8.11.15 I Smell a Ratatouille
You may not know this about me (though it is mentioned here), but ratatouille is one of my very favorite words. I love to trill the r and the whole concatenation of sounds just feels so marvelous tripping off the tongue. (And the movie was pretty fabulous, as well.) The dish itself has never held quite the same appeal, mostly because I shun bell peppers. But when candy-sweet cherry tomatoes, firm zucchini, lush basil and fresh garlic are flowing from the garden, and gorgeous Japanese eggplants are piled high at the farmers market, this humble Provençal vegetable stew definitely comes to mind. Here's my twist on a beloved classic.
The vegetables in ratatouille are typically sautéed individually, then layered into a baking dish to roast until done. This is about keeping the flavors distinct, I think, and not overcooking any one ingredient, but I actually prefer everything stewed together so the flavors meld. I like fewer tomatoes than called for in most recipes, and find that cherry tomatoes provide little bombs of sweetness within this dish.
Any kind of zucchini will do. We happen to love this ribbed Romanesco variety with its beautiful mottled skin.
I start my ratatouille by simmering lots of shallots or sweet onions with plenty of garlic in a generous pool of good olive oil. Then come small chunks of eggplant and zucchini, halved cherry tomatoes and some fresh marjoram and basil. A little sea salt, freshly ground pepper, perhaps a bay leaf, a few maverick chile flakes and some fennel pollen add layers of interest.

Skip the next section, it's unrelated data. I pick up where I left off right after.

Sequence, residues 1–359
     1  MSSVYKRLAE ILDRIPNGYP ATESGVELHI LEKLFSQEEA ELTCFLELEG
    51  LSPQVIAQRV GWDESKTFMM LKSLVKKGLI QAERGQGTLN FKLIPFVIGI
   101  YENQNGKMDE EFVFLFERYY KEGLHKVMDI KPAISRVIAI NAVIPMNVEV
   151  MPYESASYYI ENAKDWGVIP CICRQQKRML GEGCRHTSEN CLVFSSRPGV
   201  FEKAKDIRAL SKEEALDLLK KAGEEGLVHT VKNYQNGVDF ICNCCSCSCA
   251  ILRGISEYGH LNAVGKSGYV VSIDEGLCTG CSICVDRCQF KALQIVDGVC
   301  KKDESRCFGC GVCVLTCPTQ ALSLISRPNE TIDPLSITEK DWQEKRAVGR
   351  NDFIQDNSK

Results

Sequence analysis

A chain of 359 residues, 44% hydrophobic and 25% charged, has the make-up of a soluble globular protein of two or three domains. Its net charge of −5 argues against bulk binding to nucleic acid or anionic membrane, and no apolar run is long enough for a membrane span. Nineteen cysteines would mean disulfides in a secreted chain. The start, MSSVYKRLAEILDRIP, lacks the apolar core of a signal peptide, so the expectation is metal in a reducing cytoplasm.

Cook this into a soft, almost jammy consistency—though the vegetables should still retain their integrity. Stir in more olive oil if you dare, and a little vinegar or lemon juice as needed for balance. Fish out the bay leaf and release a flurry of fresh basil on top.
Ratatouille is delicious hot, at room temp or cold. It is wonderful folded into an omelette or as a filling for savory crêpes. Eat it on toast or as part of a composed salad, alongside roasted fish or with grilled lamb.
Or just spoon it into your mouth, straight from the pan, and taste the essence of summer as it waxes and wanes.
- — 6 tablespoons extra-virgin olive oil
- — 1 cup diced sweet onion or shallot
- — 4 large cloves garlic, minced
- — 1/2 teaspoon sea salt
- — 2 medium Japanese eggplants, in 1" cubes
- — 1 large zucchini, in 1" cubes
- — 1/2 pint cherry tomatoes, halved
- — 2 teaspoons chopped fresh marjoram
- — 2 tablespoons chopped fresh basil, plus more for garnish
- — 1 bay leaf
- — 1/4 teaspoon red chile flakes
- — 1 tablespoon fennel pollen
- — 2 teaspoons red wine vinegar or lemon juice
In a large, heavy skillet, warm olive oil over medium heat. Add onion or shallot, minced garlic and 1/2 teaspoon sea salt and sauté, stirring frequently, until very soft and golden, about 15 minutes. Add eggplant and zucchini and cook for 10 minutes before stirring in tomatoes, herbs, chile flakes and fennel pollen. Stir to coat everything well in the olive oil, lower heat and gently cook until vegetables are all quite soft, about 20 minutes more.
Cool slightly, then taste and adjust seasoning, adding more salt, freshly ground black pepper, and vinegar or lemon juice as desired.
To serve, remove and discard the bay leaf, swirl in a little more olive oil and garnish with chopped fresh basil.